walks past the nurses’ station,

hands in her pockets.

The lights gutter – small signals

to an inmate’s cartoon God.


runs her fingers through her hair –

bad stereotype,

bleeds the watercooler dry.

Words stick like wrecked train cars. O.

Olanzapine shrugs,

picks through lovers like white meat,

swallows the headlines.

If there is an animal

with four stomachs, she is it.

Clozapine summons

spit and paunch, seizure and light.

She makes a small God

out of origami card.

She is the shrinking violet.

Risperidone sings

of tin-men and rust hinges.

Alarm in her chest

is a hundred thousand gnats

hitting the moth lamp, head first.

Quetiapine speaks

slow as shame. She bows to each

nurse, and falls apart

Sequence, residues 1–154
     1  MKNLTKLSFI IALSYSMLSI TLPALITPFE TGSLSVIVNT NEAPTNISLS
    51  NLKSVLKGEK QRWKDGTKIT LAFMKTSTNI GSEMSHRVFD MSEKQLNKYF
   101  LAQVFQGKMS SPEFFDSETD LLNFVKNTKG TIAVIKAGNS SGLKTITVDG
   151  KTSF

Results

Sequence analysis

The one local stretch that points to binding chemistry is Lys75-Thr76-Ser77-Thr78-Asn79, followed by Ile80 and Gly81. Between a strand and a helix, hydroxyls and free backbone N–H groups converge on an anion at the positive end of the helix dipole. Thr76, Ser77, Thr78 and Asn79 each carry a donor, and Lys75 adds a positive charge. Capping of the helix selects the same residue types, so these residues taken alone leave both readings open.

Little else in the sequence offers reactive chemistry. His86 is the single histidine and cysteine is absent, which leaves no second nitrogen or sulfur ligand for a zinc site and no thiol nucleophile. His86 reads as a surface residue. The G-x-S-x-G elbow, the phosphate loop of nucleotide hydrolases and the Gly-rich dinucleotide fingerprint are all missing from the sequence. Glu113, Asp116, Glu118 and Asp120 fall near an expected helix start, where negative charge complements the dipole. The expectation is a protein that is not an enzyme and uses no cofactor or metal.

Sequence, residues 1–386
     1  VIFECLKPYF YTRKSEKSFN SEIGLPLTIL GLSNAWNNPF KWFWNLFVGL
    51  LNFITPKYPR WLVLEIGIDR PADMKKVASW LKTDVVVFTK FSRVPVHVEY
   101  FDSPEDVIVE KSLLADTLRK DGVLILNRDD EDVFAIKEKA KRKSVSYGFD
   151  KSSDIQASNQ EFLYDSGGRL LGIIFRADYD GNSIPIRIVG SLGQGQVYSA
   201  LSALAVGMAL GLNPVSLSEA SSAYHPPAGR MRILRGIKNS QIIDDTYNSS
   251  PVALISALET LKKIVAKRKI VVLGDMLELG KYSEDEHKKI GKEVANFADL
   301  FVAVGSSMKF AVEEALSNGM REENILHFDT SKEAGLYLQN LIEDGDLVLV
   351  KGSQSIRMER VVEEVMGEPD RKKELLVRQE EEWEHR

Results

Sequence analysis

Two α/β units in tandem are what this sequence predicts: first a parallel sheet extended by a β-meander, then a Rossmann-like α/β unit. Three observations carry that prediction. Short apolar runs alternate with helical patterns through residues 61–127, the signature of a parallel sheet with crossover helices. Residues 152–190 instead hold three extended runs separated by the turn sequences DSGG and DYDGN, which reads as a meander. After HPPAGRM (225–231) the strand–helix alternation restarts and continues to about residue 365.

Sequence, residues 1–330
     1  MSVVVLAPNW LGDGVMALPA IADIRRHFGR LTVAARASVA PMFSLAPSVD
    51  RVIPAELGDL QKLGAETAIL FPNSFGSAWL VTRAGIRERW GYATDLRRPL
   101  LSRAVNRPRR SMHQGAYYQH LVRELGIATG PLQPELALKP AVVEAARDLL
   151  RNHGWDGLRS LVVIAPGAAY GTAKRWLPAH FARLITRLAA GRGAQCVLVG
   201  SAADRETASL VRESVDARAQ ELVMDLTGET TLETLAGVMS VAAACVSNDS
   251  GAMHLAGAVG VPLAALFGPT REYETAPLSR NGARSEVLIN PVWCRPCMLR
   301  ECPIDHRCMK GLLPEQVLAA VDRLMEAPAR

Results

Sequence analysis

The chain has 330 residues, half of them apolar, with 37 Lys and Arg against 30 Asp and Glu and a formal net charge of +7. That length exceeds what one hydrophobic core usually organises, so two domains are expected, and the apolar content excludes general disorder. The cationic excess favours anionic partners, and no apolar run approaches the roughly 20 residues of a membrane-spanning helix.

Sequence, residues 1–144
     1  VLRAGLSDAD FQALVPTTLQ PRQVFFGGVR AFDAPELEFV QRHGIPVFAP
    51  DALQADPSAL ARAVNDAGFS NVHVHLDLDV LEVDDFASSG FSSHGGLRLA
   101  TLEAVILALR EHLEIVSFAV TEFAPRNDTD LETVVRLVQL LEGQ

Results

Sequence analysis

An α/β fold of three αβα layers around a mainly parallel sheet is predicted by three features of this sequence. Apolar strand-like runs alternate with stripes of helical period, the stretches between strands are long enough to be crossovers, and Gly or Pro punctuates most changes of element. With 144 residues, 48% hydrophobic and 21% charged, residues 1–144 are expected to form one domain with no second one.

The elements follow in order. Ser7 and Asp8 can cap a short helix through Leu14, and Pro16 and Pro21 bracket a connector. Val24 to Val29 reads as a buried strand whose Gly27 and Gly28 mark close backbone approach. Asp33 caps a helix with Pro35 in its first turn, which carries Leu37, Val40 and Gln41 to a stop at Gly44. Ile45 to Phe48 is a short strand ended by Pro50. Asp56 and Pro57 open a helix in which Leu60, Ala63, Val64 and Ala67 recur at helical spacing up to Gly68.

so quietly, a soft bird.

Nobody counts the feathers.

Elizabeth Morton is a writer who has published in New Zealand, Australia, Ireland, the UK, Canada and the USA. She was feature poet in the Poetry New Zealand Yearbook 2017, and is included in Best Small Fictions 2016. Her first poetry collection, Wolf, was published with Mākaro Press in 2017. In 2013 she won the New Voices – Emerging Poets Competition. She is completing an MLitt at the University of Glasgow, usually in her pajamas. She likes to write about broken things, and things with teeth.